I’m excited to be joining the Frenzied SLP’s to chat and share ideas about progress monitoring.
I find it so much easier to progress monitor the IEP goals of my articulation and phonology students. There is less grey area with articulation, it’s either correct or incorrect and this makes it easier for gathering quantitative data! Progress monitoring the language goals of my students is more challenging! There are so many more variables to consider, such as level of cueing, visual supports and reminders. Many of my language goals also contain different skill areas too. I have found a few tricks that make it easier that I’d like to share!
- Remember that in the public schools, we are progress monitoring our IEP goals. So, when you write your IEP goals for your students, that’s the time to consider how you will progress monitor that goal! Write your goal with your progress monitoring tool in mind or you will drive yourself crazy figuring out how to progress monitor your goals. There’s nothing worse than doing a progress report and discovering that you don’t have enough data to comment on the goal because you didn’t have a rubric or data collection system set up!
2. Use rubrics as a tool for progress monitoring your IEP goals for language (including social language). Measuring of language goals, especially ones that contain multiple skills areas are most efficiently measured using a rubric that is tailored to all aspects of the goal! Take a look at the generic sample rubric I use for language goals that contain multiple skills below:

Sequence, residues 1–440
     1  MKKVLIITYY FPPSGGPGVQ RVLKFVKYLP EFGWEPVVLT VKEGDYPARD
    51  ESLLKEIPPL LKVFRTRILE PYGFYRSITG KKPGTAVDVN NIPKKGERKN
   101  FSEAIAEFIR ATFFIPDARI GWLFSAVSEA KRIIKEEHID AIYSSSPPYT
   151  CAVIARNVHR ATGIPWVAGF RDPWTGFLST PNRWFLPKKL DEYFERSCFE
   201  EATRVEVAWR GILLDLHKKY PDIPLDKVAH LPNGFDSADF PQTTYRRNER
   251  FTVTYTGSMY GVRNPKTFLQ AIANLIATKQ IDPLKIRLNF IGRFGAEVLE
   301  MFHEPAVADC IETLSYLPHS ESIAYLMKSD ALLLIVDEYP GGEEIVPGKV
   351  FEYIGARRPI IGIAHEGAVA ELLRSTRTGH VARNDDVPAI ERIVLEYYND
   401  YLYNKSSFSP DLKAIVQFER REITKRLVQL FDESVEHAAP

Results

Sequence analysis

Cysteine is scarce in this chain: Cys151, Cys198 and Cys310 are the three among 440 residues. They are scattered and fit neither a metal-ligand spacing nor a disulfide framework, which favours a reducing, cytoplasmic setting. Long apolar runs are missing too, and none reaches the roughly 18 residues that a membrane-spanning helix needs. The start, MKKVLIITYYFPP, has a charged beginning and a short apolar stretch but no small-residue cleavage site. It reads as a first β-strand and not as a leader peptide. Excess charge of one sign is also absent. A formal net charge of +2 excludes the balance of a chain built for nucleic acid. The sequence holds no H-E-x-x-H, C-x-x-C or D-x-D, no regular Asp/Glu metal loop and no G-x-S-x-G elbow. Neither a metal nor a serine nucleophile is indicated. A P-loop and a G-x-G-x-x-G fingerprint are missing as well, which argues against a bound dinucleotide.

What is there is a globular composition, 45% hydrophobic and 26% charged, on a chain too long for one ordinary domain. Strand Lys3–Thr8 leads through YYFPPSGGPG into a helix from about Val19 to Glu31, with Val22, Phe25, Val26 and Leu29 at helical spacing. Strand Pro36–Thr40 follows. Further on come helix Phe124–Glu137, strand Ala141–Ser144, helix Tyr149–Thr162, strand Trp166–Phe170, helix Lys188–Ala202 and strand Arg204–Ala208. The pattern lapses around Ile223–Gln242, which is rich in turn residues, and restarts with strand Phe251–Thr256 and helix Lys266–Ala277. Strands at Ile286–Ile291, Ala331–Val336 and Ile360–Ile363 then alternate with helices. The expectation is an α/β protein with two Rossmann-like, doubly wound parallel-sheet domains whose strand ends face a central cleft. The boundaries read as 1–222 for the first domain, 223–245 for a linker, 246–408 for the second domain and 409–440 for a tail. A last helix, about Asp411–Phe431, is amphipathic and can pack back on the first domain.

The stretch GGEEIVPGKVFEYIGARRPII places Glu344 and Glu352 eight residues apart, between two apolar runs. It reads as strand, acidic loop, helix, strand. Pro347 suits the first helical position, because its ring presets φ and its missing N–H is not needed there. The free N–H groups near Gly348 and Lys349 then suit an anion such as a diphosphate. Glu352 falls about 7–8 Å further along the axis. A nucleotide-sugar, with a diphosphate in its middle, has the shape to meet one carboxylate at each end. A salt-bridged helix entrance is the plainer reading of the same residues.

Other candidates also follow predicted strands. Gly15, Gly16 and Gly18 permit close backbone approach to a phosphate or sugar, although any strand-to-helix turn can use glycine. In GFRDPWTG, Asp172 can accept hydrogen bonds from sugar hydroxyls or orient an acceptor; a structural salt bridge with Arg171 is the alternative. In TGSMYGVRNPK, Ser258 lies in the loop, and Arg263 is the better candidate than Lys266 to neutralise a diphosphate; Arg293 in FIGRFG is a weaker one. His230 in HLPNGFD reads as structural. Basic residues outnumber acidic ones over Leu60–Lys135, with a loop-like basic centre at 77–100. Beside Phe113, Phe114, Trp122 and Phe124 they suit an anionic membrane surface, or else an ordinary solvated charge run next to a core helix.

With the four different levels already written into the rubric, it is less cumbersome to measure, document and report on this goal, even with the 3 skill levels of wh questions, main idea and story retelling! I designed the rubric to be used for language goals with multiple skill levels but it can also be used to augment your articulation progress monitoring tools too! Best of all, I’ve uploaded an editable copy of this form onto TPT so you can have it for free! So easy!
Catch the Editable Special Education Rubric here!
Here’s how I use it: I write my IEP goal. I use “rubric wording” (move from baseline level on the rubric to a higher level) such as “move from the level of “full support” to “assisted skill” instead of using a numeric measurement in my goal. Then, I copy and paste the IEP goal into the “goal” box of this document and add in the skill levels (I never have more than 3-I want my goals and the process of measuring progress to be easy and sustainable). Then, I print it off and keep it in my student’s working folder. When it’s time to progress monitor, I pull out the rubric and all I need to do is add the date and an x or check mark to show where the student is at on the rubric!!
Happy Progress Monitoring!!
If you have other great tips for progress monitoring language goals,